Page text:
• 2 large egg yolks room temperature
  • 1 tsp vanilla extract
  • ½ tsp salt
  • 3 cups all-purpose flour divided
  • vegetable or canola oil for frying

{optional} For Jam Filling

  • 1 cup fruit jam

{Optional} For Custard Filling

  • 3 large egg yolks
  • 2 Tbsp all-purpose flour
  • ¼ cup granulated sugar
  • 1 cup whole milk divided
  • 1 tsp vanilla extract

Instructions

For the Paczki

  • Using a microwave or small sauce pan, warm the milk. (Note: Do not overheat the milk as that will kill the yeast. The ideal temperature is 105-110°F, or milk that feels just warm to the touch.)
  • Stir yeast into warm milk; let sit for 5 minutes.
  • Using a countertop mixer, cream together butter and ¼ cup of granulated sugar until light and fluffy (~2-3 minutes on medium speed). (Note: The remaining ½ cup of sugar will be used for coating the paczki after they are fried.)
  • Add egg yolks, vanilla and salt; mix on low speed until well combined.
  • Add 1½ cups of flour; mix on low speed until well combined.
  • Add milk and yeast mixture; mix on low speed until well combined.
  • Add remaining 1½ cups of flour; mix on low speed until well combined. (Note: The dough should be soft, but not sticky. If it is sticky, add up to ¼ cup of additional flour.)
  • Transfer dough into an oiled bowl. Cover and let rise in a warm location until doubled in size. (Note: This will take at least 1 hour, but could take up to 2 hours.)
  • Transfer dough to a lightly-floured work surface and fold several times. Return dough to oiled bowl, cover and let rise for 45 more minutes.
  • Transfer dough to a lightly-floured surface and roll into a ~9”x9” square (½” thick).
  • Using a 3” round biscuit cutter, cut rounds of dough and transfer to a parchment lined sheet pan. Reroll remaining dough and continue cutting 3” rounds until all of the dough has been used.
  • Cover dough lightly and let rest in a warm location until doubled in size (~30-45 minutes).
  • Using a Dutch oven or a deep fryer, heat oil to 350°F.
  • Working in batches of 3-4 at a time, carefully lower dough into hot oil. For 2-3 minutes, or until golden brown. Flip paczki over and continue frying for 1-2 more minutes, or until golden brown.
  • Transfer cooked paczki to a paper towel-lined plate and let cool for 30 seconds. While still hot, roll fried paczki in remaining ½ cup of granulated sugar (from above). Let paczki cool completely.
  • Repeat process until all paczki are fried. (Note: Wait several minutes in between rounds of flying so that the oil can return to 350°F.)
  • {Optional} Once cooled, poke a hole in the side of the paczki. Using a pastry bag, fill with desired jam or custard. (Note: Paczki are best eaten the day they are made.)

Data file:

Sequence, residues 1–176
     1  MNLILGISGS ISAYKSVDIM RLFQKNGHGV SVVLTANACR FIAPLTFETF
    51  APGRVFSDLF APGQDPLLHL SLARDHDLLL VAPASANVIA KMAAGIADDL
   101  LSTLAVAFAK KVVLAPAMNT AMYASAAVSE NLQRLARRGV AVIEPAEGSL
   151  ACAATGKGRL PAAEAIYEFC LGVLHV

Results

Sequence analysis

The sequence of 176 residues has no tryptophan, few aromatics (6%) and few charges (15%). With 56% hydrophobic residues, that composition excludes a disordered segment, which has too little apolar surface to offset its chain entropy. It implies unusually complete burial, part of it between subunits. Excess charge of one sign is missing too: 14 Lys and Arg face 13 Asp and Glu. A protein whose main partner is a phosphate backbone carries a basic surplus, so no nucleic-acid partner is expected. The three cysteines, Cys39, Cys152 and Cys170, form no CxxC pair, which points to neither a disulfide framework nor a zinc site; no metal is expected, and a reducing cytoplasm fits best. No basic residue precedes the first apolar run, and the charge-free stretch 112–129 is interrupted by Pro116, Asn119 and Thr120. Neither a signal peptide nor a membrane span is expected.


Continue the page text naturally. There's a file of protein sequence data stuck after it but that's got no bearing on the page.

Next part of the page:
For the Custard Filling

  • Using a medium heatproof bowl, add egg yolks, flour and sugar; whisk until well combined.
  • Add ¼ cup of milk; whisk until well combined. Set mixture aside.
  • Pour remaining milk (¾ cup) into a small saucepan. Add vanilla extract; stir until well combined.
  • Place saucepan over medium-low heat and bring to a simmer, stirring often.
  • Once simmering, slowly pour the hot milk into the bowl with the egg yolks, whisking constantly while you pour.
  • Return mixture to saucepan and place over low heat. Cook, stirring often, until mixture thickens and begins to boil. Continue cooking for 1 more minute, stirring constantly.
  • Pour/press mixture through a fine mesh strainer into a clean bowl; press plastic wrap to the surface of the custard. Let custard cool to room temperature.
Celebrate Fat Thursday in style with a batch of homemade Paczki!  It's said that eating a stack of paczki brings good luck for the coming year.

Looking for more tasty doughnut recipes? Check out these other favorites, too:

Did you make a batch of these Paczki at home? Leave a comment or snap a photo and tag me on Instagram (@Spicedblog) – I’d love to see your version!

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20 Comments

  1. Cant wait to make this soon for the paczki can i use almond milk and vegan butter i never had polish doughnuts before as polish doughnuts is not popular in Singapore also can i airfired this and i will be making your potato chips tomorrow after work love your recipes as always brightens up my day everyday after work

    1. So I don’t know how almond milk and vegan butter would work in a yeasted dough recipe like this, Ramya…but I say give it a try! Same with the air fryer. I just don’t know if it would work. If you do try it out, let me know!!

  2. 5 stars
    I’ve never really heard of Paczki, either. But when you noted this word is pronounced “pownch-key”…which is a very close to ponch-key (Direct meaning: “donuts”). I keep forgetting that some European languages are so much connected 🙂
    Anyway, these donuts sound luscious and look fantastic. Great job!

    1. Interesting point about the languages here, Ben – it doesn’t surprise me too much. Either way, these donuts are really tasty. Way better than the stuff we find in the grocery stores here! Haha!

  3. 5 stars